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Time to Tear Down IRS Building: Covington Seeks Demo Firm

The former home of the Internal Revenue Service's massive operations in Covington will soon join the dustbin of history.
The City of Covington acquired the property last year, nearly one year after the IRS shut down its operations on the 23-acre site north of Fourth Street between Madison Avenue to the east, and Johnson Street to the west, with an adjacent parking lot west of Johnson reaching the approach to the Clay Wade Bailey Bridge.
The IRS opened the site in the late 1960s and was once Covington's largest employer.
On Tuesday, the city released a request for proposals (RFP) from companies to handle the demolition and to address the site's significant environmental challenges to make way for redevelopment.
Proposals are due on December 29 and the city hopes to make a decision within a few weeks after that.
“We’re eager to get this project started,” City Manager Ken Smith said. “We’ve been proceeding with careful deliberation to make sure the problems of the site are understood and to make sure the process of preparing it for private development is one that will yield the results we want, but now it’s time to proceed to the next phase and prepare to bring in the cranes and bulldozers.”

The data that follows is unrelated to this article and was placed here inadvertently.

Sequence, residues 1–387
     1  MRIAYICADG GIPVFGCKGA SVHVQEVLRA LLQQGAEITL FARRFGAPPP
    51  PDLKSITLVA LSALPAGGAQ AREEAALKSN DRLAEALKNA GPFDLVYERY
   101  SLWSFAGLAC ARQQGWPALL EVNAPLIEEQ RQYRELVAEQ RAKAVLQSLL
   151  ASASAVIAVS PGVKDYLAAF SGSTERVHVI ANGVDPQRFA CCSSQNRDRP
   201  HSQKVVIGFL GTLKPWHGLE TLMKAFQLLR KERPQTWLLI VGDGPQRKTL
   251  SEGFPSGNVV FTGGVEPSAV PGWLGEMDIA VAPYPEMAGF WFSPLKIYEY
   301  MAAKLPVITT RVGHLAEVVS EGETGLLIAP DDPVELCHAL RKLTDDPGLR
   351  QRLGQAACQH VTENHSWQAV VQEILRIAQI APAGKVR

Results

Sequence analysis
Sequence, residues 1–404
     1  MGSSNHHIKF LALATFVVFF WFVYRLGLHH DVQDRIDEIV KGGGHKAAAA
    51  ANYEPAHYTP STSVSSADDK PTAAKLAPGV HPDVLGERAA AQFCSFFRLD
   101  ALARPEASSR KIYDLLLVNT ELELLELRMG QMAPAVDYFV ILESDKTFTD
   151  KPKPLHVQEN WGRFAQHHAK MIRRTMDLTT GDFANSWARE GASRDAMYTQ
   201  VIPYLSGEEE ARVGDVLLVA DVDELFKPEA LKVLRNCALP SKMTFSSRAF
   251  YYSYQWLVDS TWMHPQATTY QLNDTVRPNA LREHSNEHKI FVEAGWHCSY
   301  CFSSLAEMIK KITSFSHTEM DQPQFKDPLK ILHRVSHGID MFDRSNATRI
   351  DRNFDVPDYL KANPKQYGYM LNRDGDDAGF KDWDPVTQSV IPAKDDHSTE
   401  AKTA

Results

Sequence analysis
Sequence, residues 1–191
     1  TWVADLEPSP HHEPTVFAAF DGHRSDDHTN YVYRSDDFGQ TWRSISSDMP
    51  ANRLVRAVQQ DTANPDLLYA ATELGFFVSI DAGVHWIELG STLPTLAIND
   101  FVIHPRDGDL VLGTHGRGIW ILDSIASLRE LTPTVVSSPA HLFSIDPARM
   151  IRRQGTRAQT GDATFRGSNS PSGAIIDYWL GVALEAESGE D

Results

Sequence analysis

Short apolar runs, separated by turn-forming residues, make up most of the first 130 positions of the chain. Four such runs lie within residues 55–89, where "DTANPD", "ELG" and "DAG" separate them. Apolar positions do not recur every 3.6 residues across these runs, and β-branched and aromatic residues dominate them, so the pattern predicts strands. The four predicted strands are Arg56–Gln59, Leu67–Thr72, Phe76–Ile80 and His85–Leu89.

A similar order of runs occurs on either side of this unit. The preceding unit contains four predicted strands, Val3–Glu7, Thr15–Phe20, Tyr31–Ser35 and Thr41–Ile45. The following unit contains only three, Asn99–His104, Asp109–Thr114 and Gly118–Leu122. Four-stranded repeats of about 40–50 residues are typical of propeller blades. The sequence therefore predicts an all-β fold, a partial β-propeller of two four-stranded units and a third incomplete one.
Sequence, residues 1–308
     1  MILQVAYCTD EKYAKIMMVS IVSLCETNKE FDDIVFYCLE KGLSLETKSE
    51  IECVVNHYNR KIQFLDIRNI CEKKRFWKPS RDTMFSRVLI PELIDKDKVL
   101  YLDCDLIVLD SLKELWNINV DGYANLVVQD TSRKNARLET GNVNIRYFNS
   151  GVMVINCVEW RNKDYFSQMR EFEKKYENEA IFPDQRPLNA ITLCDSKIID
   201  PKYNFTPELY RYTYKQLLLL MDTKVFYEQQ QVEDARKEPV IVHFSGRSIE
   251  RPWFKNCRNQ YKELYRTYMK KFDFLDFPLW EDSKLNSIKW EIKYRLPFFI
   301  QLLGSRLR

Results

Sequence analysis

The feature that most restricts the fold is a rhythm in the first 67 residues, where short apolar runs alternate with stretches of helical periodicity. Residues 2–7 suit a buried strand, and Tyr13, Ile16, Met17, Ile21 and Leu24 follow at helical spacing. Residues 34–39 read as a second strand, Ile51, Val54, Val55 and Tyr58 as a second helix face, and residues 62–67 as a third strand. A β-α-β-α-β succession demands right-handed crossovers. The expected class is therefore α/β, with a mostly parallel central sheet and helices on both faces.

The RFP is referred to formally as the “Covington Central Riverfront Demolition and Abatement Project".
Once hired, the contractor will perform a variety of tasks, including:
  • Removing environmental hazards. Some are connected to the former tax preparation facility, and some are tied to previous commercial operations on the 160 properties that were cobbled together to create the site in the 1960s. Hazards include asbestos that is prevalent in walls, floors, and insulation in the sprawling one-story complex, three underground fuel tanks (500-gallon, 1,000-gallon, and 2,000-gallon), an underground 3,000-gallon storage “vault” that was believed to be used for separating water and oil, and lead paint, miscellaneous chemicals, transformers, refrigerants, and mercury-containing devices.
  • Salvaging the site. Materials that can be reused, sold, or recycled will be done so. Examples include copper wiring, oak railings, and HVAC equipment.
  • Demolition. This includes buildings, adjacent structures, landscaping, concrete tunnels, sidewalks, and pavement.
  • Site regrading and backfill.
As that demolition and abatement work proceeds, the city will begin the process of selecting and hiring an engineering firm to draw up designs for the so-called horizontal infrastructure on the site, including streets, sidewalks, and utilities, Smith said. That work will occur simultaneously.
The city recently hired a third-party project manager – the global multi-disciplinary consulting firm J.S. Held – to oversee the work of preparing the site for development, including helping to manage and coordinate the project’s budget, schedule, safety, contracts, compliance, demolition, and construction.

A conceptual plan created by Atlanta-based consultant Cooper Carry calls for a restored street grid; a levee park; a community plaza for festivals; a mixture of buildings containing offices, retail shops, hotels, and residential units; and expansion of the adjacent Northern Kentucky Convention Center.

-Staff report